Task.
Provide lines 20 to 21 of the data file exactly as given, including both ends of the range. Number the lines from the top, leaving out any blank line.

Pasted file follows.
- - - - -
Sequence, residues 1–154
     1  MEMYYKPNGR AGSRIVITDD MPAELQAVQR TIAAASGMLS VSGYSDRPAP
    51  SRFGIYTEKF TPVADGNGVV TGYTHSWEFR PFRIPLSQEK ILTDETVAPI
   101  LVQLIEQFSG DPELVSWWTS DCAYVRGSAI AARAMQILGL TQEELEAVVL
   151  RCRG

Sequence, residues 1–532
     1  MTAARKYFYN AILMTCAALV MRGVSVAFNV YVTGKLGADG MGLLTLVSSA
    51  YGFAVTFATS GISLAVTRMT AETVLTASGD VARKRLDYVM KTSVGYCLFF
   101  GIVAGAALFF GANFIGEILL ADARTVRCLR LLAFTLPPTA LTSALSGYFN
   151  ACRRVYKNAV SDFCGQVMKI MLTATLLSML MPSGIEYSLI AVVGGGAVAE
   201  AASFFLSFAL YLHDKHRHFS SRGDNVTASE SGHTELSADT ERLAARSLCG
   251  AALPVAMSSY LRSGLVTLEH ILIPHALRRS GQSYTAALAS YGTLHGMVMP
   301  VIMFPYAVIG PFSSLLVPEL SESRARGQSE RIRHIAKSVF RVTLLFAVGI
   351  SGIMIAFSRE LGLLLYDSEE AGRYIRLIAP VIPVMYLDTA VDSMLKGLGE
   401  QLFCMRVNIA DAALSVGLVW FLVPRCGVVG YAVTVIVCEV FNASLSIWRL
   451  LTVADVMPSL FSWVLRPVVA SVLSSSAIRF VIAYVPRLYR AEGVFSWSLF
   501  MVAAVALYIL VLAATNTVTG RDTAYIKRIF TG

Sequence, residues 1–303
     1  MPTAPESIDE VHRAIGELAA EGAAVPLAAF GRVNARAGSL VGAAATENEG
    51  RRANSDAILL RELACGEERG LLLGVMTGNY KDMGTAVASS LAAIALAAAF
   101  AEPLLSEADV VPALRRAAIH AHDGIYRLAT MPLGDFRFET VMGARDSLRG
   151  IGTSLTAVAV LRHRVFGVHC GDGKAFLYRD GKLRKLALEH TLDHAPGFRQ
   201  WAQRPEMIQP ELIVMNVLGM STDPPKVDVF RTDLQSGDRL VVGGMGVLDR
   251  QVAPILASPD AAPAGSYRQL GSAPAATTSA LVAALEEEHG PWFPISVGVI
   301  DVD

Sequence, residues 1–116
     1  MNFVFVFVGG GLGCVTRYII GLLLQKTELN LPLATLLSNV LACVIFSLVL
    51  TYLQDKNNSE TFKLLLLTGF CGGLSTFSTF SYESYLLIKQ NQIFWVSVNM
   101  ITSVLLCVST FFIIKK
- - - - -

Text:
    51  RRANSDAILL RELACGEERG LLLGVMTGNY KDMGTAVASS LAAIALAAAF
   101  AEPLLSEADV VPALRRAAIH AHDGIYRLAT MPLGDFRFET VMGARDSLRG